It is a special night for players on both Cornell and Boston University when they play face off at Madison Square Garden; they’ve done so biannually since 2007. It was uniquely special for Cornell freshman Morgan Barron.
Amidst all of the drama surrounding the selections of Lias Andersson and Filip Chytil in this past summer’s first round, the Rangers also quietly scooped up Barron in the middle of the sixth round. Five months later, he was playing on Madison Square Garden ice.
“It definitely lived up to the hype,” Morgan claimed after the game.
While there may not have been much hype for Barron himself, the 18-year-old certainly created some with his performance. Slotted on the second line against a vaunted group of BU forwards, he shined brightest, with two primary assists and four shots on goal in a 4-3 Cornell victor; their first ever on Garden ice against BU.
Barron was not even supposed to attend Cornell this academic year. As is becoming increasingly popular for many NCAA-committed players, Barron was slated to take a gap year and play in the USHL before attending Cornell in the fall of 2018.
When analyzing Barron last summer, it was easy to see the merit to waiting a year. Listed at 6’2, 200 last summer, Barron had NHL size already. However, effectively using that size was still a work in progress. He was a strong skater when in motion, but took a few extra steps to get to top speed. He possessed incredible raw talent, but lacked polish. That was enough for Barron be a top player at St. Andrew’s, a prep school based in Ontario. But while the school is certainly credible both academically and athletically, it is still a step down from junior hockey; let alone the NCAA. An intermediary year in a high-caliber junior league made sense as his next step up the ladder.
However, that plan changed.
“We had a kid who decided to not come to Cornell in February and Morgan was already in the pipeline. We went and saw him play and he did all of the right things, played the game the right way,” Cornell Head Coach Mike Schafer told Blueshirt Banter.
The move has paid off early. Following Barron’s performance at the Garden, for which he was named third star of the game, he has totaled three goals and six assists through 10 games. The ECAC conference isn’t exactly the gaudiest in college hockey, but it’s a competitive one that tilts towards older, more mature players. And Barron ranks second in points-per-game among the ECAC’s 27 NHL-drafted skaters. Schafer acknowledged that Barron’s transition to college hockey is a “rarity.”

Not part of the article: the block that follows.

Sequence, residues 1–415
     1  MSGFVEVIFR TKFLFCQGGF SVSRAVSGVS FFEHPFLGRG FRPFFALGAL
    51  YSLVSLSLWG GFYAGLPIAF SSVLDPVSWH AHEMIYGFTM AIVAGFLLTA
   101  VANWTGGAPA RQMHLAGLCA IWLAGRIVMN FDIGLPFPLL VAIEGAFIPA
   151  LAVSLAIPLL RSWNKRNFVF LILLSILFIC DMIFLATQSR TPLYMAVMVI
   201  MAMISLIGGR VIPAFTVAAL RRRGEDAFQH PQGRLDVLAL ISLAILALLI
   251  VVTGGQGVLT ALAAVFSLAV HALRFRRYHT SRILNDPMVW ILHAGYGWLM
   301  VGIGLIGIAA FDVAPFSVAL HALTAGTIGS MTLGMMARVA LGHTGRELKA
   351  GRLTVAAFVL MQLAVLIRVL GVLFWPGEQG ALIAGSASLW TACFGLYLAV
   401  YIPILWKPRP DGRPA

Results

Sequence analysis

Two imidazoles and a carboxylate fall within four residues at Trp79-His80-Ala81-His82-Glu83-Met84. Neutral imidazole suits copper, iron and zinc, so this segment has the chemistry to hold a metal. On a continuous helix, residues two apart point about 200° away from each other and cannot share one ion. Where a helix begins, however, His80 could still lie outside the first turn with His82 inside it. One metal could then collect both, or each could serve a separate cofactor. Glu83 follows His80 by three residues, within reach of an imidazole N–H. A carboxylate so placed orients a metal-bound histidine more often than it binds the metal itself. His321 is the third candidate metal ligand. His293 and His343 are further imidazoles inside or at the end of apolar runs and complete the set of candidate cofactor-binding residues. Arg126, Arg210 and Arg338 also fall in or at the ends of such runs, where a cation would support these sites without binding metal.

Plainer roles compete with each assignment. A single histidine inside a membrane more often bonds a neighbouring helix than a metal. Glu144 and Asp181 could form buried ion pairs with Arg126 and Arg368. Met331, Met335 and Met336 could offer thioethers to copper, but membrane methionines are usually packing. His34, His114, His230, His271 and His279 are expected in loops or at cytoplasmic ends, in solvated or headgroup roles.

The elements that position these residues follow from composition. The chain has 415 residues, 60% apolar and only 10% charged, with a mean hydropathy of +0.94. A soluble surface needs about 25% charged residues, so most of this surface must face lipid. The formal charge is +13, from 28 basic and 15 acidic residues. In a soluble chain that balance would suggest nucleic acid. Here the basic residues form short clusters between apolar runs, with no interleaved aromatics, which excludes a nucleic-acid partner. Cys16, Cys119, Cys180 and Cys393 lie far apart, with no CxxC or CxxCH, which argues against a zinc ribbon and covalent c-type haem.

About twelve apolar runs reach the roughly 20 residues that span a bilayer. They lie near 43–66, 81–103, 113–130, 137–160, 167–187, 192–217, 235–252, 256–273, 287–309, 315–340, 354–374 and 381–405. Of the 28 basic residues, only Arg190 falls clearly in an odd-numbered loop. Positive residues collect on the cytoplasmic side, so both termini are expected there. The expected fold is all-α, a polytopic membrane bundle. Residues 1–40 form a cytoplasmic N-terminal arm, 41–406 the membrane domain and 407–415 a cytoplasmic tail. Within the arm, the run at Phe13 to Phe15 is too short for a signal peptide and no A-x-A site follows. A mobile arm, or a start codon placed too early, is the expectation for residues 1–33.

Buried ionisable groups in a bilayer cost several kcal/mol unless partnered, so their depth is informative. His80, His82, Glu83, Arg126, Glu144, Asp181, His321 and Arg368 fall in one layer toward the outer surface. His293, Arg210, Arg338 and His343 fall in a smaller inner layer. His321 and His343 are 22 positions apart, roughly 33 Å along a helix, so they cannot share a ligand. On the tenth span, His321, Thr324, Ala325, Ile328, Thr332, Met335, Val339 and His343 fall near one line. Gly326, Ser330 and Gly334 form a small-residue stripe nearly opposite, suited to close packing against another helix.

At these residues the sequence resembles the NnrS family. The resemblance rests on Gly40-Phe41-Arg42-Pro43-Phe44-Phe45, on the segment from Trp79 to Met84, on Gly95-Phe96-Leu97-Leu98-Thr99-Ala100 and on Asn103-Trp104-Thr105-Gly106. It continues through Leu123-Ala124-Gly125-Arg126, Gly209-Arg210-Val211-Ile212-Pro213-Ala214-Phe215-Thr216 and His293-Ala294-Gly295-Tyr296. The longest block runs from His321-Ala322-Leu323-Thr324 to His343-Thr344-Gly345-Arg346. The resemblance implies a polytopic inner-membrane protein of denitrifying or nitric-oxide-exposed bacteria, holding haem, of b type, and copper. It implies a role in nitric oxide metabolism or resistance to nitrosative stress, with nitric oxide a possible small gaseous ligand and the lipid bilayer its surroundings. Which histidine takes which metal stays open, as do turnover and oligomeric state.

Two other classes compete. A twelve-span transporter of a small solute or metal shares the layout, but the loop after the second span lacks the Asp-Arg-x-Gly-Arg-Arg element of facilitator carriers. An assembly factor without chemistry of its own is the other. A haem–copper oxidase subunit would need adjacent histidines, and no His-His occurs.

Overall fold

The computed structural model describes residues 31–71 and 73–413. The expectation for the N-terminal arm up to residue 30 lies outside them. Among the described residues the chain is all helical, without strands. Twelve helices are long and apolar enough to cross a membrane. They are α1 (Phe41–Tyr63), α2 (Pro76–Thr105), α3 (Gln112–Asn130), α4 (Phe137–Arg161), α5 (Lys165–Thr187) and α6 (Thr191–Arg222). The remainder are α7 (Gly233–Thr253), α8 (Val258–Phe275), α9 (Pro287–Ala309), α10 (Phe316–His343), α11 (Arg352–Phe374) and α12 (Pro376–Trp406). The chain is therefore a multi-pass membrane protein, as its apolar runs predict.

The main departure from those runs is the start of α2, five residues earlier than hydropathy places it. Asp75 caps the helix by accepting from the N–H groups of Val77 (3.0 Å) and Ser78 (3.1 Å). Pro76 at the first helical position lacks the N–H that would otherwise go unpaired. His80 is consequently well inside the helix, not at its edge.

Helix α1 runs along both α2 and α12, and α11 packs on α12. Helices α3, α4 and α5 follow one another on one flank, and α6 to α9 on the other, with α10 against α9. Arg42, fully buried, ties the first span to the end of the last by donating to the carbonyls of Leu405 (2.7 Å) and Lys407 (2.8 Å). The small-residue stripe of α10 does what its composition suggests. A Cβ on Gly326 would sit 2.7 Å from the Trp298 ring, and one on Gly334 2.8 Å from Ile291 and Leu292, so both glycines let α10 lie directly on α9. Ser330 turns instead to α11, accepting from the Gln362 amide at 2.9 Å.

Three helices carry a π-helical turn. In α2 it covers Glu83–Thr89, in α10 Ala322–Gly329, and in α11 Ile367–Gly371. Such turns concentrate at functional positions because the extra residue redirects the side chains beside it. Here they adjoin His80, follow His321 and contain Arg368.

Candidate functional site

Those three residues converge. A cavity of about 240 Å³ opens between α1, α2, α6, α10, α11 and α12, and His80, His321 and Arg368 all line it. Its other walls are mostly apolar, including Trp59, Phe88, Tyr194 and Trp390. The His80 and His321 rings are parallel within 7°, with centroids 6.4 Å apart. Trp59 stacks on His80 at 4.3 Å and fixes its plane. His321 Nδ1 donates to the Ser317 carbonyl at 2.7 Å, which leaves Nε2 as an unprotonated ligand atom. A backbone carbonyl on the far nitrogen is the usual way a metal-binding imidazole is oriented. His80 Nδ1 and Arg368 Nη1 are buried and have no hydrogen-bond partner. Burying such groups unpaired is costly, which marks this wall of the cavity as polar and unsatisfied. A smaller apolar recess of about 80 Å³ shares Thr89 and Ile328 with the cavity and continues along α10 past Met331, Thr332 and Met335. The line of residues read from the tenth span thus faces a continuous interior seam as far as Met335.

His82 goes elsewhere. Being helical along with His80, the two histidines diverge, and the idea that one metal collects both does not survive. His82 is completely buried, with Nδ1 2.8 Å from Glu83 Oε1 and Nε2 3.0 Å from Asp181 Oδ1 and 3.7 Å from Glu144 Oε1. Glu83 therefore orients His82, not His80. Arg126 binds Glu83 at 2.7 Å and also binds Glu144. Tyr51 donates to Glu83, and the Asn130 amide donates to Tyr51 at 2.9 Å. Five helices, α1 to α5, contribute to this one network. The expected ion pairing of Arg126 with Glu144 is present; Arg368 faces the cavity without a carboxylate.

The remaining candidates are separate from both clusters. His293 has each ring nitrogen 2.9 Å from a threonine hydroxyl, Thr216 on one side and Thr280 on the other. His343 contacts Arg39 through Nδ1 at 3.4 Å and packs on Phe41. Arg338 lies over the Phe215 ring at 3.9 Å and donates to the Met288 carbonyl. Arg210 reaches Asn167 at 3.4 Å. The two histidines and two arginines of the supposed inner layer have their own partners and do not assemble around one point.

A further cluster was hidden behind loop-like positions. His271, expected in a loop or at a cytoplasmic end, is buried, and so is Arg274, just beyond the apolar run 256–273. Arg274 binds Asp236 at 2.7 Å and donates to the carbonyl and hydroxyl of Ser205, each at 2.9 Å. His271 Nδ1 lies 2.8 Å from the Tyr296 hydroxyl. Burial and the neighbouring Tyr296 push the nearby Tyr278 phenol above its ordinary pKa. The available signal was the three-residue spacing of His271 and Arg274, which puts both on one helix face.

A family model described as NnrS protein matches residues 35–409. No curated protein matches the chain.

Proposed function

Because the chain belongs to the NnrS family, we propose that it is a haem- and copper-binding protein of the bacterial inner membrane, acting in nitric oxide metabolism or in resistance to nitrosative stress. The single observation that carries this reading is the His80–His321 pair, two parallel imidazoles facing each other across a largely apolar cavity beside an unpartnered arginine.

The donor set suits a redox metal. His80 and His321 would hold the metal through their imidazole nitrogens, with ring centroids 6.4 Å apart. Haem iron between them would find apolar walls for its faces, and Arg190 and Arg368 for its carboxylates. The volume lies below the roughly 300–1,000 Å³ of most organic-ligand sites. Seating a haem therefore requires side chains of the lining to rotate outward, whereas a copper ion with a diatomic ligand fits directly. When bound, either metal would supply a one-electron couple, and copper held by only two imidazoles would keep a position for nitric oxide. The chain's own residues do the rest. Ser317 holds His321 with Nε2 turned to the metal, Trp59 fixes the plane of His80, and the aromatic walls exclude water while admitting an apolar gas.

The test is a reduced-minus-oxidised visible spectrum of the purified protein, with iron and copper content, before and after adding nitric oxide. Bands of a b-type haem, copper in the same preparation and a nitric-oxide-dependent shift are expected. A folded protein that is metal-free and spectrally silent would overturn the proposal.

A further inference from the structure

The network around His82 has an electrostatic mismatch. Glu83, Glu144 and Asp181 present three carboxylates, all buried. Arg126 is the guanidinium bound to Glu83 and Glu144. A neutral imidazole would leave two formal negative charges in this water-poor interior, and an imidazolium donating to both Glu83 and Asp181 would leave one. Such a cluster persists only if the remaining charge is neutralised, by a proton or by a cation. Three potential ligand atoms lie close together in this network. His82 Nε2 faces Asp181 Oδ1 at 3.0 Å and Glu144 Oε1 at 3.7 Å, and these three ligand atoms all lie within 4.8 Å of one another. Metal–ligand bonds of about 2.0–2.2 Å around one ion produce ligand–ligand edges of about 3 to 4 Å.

“It’s his maturity,” Schafer explained as Barron’s reason for success so soon. “It’s not the age (that matters), it’s how physically and mentally mature. And he’s got both.
Barron too felt right away that he belonged despite the tremendous leap in playing difficulty from high school hockey.
“It’s a different game for sure, but when I came in I wanted to have the mentality that I deserved to be here,” Barron said after the game. “I think a lot of credit needs to go to our leadership group. When I came in they gave me a sense of confidence, and they’re always checking in and making sure I still have that confidence.”
Any sort of NHL success is still way off in the distance. However, the Rangers have to be elated with what Barron has shown them thus far. The numbers look good, and so do the visuals. Though the size advantage is not the same as in high school hockey, it’s still there. He uses his massive frame to shield the puck well in the offensive zone, finding space to carry the puck and buy time for teammates to provide a passing option. He sets up along the left half-boards on Cornell’s second power play unit, and against BU he did a terrific job of finding passing options in the slot for quality scoring chances. Though he was drafted as a center, he is playing left wing for Cornell and defended well in his own zone. Where he ran into trouble a few times was in his neutral zone defending, as BU’s speedy defenders were able to side step him when he tried to defend the space with size alone. That’s an example of something that wasn’t a problem in high school but for which is now learning to adjust for against better competition.
Random chance is an inescapable contributor to success. In an alternate universe, Cornell has no hiccups in their recruiting process and Barron plays a year of junior hockey, as initially intended. Instead, circumstances provided him an opportunity, and now he’s a key contributor for one of the top college teams; Cornell were ranked seventh in the nation entering the weekend. An inauspicious sixth-round pick just five months ago, Barron has taken tremendous strides towards his goal of returning to Madison Square Garden in a blue sweater some years down the road.